Combining cartoons and politics, Andy Holden presents a very different way of looking at art and the world we live in. His ‘Laws of Motion in a Cartoon Landscape’ is an interesting way of understanding culture through cartoons. The clip is an hour long, and it takes on the idea that people can continue to keep going along a particular path even though there are bumps ahead, providing the audience with philosophical motives. The clips mimic how we experience contemporary politics. The work has taken Andy five years; he is exhibiting his clips at the Tate on the 16th March with added content, as this is an evolving piece of work.
The message Andy is trying to convey through his work is to enable us to unpick how we understand cartoons: are they more sophisticated than we imagine? Do they illuminate the truth and how we analyse the world? His work is interesting as it suggests that cartoons can be strange and traumatic at times, yet we as an audience are expected to find them humorous, and may therefore not appreciate the seriousness behind them.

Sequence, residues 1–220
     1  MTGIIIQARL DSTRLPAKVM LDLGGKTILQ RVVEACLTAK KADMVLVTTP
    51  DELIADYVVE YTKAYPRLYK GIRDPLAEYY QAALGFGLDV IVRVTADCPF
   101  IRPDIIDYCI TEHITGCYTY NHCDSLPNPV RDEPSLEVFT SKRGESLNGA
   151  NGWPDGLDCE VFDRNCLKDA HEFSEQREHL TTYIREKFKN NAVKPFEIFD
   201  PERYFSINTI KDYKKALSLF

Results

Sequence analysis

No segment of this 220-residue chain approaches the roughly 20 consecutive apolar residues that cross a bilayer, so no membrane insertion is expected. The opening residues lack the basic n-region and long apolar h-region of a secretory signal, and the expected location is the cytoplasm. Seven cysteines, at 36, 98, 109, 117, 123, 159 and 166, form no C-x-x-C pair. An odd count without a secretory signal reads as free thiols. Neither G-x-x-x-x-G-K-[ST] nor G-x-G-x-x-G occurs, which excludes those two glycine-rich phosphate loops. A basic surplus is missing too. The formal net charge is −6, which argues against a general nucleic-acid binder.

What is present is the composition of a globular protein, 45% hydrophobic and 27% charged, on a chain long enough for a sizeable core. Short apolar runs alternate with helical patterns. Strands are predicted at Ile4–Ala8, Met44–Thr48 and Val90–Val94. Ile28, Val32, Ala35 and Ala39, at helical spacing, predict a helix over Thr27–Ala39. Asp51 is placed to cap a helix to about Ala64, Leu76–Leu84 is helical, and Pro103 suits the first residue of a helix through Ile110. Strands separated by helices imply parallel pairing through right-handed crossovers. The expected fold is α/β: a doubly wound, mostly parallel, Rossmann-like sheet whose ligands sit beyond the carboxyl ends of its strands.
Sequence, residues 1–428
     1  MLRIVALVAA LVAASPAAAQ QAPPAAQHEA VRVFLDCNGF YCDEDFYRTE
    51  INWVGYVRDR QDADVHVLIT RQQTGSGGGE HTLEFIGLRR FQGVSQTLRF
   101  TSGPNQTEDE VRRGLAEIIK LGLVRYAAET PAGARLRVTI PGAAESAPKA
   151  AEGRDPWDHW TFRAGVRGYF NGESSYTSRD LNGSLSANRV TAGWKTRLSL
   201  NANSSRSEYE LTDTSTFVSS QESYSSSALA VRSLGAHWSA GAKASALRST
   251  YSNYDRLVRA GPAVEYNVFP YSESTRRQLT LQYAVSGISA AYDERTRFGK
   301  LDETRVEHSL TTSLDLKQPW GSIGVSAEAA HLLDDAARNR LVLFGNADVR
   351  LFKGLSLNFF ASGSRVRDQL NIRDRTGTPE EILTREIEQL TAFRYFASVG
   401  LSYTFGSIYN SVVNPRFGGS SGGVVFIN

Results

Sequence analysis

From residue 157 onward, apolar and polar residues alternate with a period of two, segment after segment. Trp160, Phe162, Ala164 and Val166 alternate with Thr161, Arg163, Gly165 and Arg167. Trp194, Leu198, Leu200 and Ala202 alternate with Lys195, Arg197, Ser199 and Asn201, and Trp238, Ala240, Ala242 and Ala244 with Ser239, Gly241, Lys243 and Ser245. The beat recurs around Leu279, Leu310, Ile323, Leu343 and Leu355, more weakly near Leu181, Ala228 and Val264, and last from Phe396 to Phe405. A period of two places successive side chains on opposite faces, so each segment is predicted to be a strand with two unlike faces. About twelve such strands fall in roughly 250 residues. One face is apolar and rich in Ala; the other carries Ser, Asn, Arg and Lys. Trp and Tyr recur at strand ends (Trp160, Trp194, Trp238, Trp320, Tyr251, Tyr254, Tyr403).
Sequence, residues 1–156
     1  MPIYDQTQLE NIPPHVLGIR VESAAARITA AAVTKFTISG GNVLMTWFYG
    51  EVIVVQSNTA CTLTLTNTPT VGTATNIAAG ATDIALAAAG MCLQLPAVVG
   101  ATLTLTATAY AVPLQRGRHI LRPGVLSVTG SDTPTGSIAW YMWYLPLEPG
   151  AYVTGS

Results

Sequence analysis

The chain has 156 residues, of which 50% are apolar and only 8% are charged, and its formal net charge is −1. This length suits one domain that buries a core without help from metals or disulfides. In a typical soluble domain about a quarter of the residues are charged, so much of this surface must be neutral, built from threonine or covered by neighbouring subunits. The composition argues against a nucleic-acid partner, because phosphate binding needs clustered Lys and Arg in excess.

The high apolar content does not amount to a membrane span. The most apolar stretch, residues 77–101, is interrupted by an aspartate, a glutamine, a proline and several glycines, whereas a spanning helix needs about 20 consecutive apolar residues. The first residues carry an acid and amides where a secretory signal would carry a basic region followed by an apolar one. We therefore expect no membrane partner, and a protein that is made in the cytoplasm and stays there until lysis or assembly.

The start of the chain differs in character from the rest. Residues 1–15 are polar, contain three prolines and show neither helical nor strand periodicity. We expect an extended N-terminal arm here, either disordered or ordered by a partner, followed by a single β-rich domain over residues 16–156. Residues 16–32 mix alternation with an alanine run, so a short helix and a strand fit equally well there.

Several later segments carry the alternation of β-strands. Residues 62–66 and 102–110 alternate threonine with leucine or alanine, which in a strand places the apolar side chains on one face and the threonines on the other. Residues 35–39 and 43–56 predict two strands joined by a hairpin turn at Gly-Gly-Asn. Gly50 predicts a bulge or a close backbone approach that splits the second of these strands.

My personal favourite pieces from the exhibition are the ‘Eyes in Space’ and ‘Episode III: I Wouldn’t Dream of It’. The ‘Eyes in Space’ are a collection of three images with plastic eyes stuck to an image of space. This is a rather peculiar piece as it is exactly what it says in the title; eyes in space. The ‘Episode III: I Wouldn’t Dream of It’ is a seven-minute clip which contains a mini avatar of Andy himself as Shaggy from Scooby Doo. This is a fascinating piece as he is not trying to solve mysteries but attempting to interpret a dream which is a cartoon. The piece uses Freud’s idea of dream interpretation and it gives the audience an alternative way of looking at the cartoon.
Rebecca Chesney’s work involves using the environment to display her political message. One of her pieces is a series of stills of dying trees, which portrays the environment and our relationship to it. Her piece ’66 Million’ demonstrates a powerful message and invites the audience to think of natural abundance. Her work sends out a powerful message that once all of this is lost we cannot get it back.
Both these artists share in how our daily life can reveal stark truths about our political priorities and enable us to think of these issues in a different way. It is an absolutely fantastic exhibition.
Andy Holden and Rebecca Chesney’s exhibitions are showing at the Peter Scott Gallery until Friday week 19.